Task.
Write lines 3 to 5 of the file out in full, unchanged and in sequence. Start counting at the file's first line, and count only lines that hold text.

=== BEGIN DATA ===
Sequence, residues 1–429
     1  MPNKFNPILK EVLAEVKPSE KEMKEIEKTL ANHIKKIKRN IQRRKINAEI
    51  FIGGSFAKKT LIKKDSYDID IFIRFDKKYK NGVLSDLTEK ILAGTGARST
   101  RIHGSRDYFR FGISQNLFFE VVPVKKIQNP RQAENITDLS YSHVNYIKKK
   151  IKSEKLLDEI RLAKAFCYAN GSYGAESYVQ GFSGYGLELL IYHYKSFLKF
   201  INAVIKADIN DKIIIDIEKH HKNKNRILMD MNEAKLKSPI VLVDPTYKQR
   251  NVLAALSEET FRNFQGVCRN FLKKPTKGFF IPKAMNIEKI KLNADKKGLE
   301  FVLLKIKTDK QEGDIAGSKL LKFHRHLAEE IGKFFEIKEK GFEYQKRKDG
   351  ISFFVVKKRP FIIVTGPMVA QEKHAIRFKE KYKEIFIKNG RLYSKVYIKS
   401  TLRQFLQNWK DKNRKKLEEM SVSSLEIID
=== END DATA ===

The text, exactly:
    51  FIGGSFAKKT LIKKDSYDID IFIRFDKKYK NGVLSDLTEK ILAGTGARST
   101  RIHGSRDYFR FGISQNLFFE VVPVKKIQNP RQAENITDLS YSHVNYIKKK
   151  IKSEKLLDEI RLAKAFCYAN GSYGAESYVQ GFSGYGLELL IYHYKSFLKF